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Aderholt expresses optimism ahead of midterm elections

Brandon Moseley

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U.S. Rep. Robert Aderholt, R-Haleyville, was in Vestavia speaking to the Mid-Alabama Republican Club Saturday.

“While I don’t represent Jefferson County I do represent a lot of the counties around Jefferson County,” said Representative Aderholt. “Working with Gary Palmer is quite an honor. All seven of us feel that we represent the whole state without regard to those imaginary district lines that are out there.”

“I represent a large area of Tuscaloosa County including part of the city of Tuscaloosa and Northport,” Aderholt said. “I also represent Jasper in Walker County.”

On the confirmation of Supreme Court Justice Brett M Kavanaugh, Aderholt said. “We are excited to have him on the Supreme Court he is the second justice that Trump has been able to put two on the Supreme Court.”

Aderholt said that he did not know whether or not Kavanaugh would vote to finally overturn Roe versus Wade, but “I think he will vote in favor of stronger pro-life laws.”

“What we are most proud of is the Tax Cuts and Jobs Act,” Rep. Aderholt said. “It is the most substantive modification to our nation’s tax code in 31 years.”

“April 17, 2018 marked the last time that taxpayers will ever have to deal with the old tax code,” Rep. Aderholt said. I am happy that we maintained the deduction for mortgage interest and charitable contributions.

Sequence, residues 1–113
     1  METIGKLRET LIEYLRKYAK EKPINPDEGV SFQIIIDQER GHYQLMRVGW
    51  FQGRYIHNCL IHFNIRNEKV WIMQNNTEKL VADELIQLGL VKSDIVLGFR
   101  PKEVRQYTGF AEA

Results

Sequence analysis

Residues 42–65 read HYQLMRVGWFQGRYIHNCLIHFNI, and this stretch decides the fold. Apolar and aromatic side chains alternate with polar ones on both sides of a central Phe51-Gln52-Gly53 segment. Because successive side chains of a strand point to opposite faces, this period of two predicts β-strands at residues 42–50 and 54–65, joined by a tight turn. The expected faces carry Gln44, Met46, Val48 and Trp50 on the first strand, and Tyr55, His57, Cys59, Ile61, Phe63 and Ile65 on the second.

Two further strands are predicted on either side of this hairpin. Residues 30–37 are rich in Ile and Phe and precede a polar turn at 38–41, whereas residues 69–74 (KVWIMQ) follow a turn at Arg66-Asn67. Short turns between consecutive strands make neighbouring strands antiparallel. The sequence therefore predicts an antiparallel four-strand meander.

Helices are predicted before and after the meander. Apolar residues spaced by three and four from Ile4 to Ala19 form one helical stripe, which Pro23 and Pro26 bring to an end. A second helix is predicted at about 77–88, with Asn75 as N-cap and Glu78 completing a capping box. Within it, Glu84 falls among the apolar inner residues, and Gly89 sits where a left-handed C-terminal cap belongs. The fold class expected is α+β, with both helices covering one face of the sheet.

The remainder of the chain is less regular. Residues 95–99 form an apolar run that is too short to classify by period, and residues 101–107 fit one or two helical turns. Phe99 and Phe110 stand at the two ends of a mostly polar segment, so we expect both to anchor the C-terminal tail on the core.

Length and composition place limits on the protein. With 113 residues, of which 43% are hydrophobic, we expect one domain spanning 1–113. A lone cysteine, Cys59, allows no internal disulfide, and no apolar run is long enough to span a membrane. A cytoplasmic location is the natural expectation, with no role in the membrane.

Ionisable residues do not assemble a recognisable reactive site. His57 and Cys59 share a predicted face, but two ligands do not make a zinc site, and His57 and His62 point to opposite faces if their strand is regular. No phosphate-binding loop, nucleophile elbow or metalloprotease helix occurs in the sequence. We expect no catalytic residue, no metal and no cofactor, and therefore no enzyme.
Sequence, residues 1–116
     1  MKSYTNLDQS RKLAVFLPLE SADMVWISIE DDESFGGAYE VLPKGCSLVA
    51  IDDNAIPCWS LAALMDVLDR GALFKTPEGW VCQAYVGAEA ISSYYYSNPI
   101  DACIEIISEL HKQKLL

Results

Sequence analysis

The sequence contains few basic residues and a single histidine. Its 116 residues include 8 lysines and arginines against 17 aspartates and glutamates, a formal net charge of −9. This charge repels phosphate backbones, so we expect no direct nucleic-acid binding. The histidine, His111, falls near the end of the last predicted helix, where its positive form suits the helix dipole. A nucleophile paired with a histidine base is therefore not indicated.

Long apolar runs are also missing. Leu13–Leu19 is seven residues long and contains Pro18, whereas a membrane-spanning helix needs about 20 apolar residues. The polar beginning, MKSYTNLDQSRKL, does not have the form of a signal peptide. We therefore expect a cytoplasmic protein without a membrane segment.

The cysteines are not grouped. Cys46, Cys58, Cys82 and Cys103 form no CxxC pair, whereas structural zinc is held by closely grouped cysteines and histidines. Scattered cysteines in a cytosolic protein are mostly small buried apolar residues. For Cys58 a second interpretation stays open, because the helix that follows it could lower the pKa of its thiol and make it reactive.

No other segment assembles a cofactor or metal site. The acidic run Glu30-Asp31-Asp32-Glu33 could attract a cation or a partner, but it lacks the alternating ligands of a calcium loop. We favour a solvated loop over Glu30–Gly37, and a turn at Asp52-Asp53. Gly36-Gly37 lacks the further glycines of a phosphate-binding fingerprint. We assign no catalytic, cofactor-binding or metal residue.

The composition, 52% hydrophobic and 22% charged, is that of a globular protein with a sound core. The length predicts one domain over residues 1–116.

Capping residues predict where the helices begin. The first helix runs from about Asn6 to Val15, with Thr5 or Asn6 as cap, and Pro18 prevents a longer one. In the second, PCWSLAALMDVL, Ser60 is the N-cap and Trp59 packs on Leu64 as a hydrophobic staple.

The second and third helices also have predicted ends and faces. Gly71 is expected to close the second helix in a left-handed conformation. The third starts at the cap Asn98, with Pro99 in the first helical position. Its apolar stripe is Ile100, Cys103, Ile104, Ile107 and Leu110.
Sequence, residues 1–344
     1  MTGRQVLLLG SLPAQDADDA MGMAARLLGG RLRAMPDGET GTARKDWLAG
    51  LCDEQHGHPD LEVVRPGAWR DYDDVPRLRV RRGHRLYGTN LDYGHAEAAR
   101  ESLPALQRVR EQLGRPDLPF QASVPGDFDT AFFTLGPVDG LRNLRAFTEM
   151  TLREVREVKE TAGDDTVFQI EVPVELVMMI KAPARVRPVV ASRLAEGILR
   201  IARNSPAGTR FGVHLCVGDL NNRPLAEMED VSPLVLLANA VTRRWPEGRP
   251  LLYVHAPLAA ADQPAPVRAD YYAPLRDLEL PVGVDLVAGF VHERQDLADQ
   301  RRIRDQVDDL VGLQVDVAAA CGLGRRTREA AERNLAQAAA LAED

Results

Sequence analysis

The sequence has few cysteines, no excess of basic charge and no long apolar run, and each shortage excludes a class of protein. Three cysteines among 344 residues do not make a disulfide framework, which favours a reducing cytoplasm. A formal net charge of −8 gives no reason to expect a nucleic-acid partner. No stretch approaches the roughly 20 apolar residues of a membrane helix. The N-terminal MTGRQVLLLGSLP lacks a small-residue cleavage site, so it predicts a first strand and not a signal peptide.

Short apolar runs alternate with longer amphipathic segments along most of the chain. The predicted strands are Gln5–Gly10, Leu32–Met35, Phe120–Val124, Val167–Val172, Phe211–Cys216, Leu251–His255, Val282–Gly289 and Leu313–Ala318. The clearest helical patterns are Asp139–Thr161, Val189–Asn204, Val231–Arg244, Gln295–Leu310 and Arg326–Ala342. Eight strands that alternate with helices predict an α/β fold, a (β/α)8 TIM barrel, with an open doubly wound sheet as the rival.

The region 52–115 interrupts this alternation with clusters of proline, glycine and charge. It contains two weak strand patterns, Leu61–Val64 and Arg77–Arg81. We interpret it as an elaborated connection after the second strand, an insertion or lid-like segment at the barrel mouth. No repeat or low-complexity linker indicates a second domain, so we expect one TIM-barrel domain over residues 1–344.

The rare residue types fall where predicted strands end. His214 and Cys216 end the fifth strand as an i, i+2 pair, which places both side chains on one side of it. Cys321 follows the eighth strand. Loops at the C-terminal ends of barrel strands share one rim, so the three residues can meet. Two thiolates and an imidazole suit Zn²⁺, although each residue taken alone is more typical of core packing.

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Aderholt said that the Small Business Tax Cuts Act of 2018, HR 6760, which would make the tax cuts permanent has passed the House 222 to 191. The bill has been sent to the Senate but it has not been acted upon. The 60 votes Senate rule will make passing this difficult. I think we would see more legislation take place if Mitch McConnell would change the rules of the Senate to simple majority rules.

“I serve as Chairman of the Ag appropriations committee,” Aderholt said. “Homeland Security will be the bill to watch because that is where the wall is funded.”

“Total spending for 2017 was $4 trillion,” Aderholt explained, “But only $1.2 trillion is discretionary spending.”

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Aderholt said that the House of Representatives currently has 240 Republicans and 195 Democrats. The Republicans could lose 31 seats in the midterms. A lot of it is because of the situation we have with the seats that are up are suburban. The rural districts are solidly red and behind President Trump. These are districts around major cities where soccer moms swing the district. “It is not going to be very easy to hold onto these.”

“In the Senate there are 51 Republicans and 47 Democrats with 2 independents; but they caucus with the Democrats,” Aderholt said. “I think after Kavanaugh we will pick up 2 or 3 seats in the Senate. They have 5 tossup seats we have four.”

“You can never predict what is going to happen on election day,” Aderholt said. “Two years at this time Hillary was essentially already the President according to the pundits. A lot of things can happen between now and November 6.”

“Many of us in this room were convinced he (Donald Trump would not win,” Aderholt stated. “A lot of people stood up on election day and that will continue to pay big dividends.”

Aderholt expressed cautious optimism that the Republicans can hold on to Congress despite the polls.

A member of the audience asked if Donald Trump would come to Alabama for the Veterans Day parade.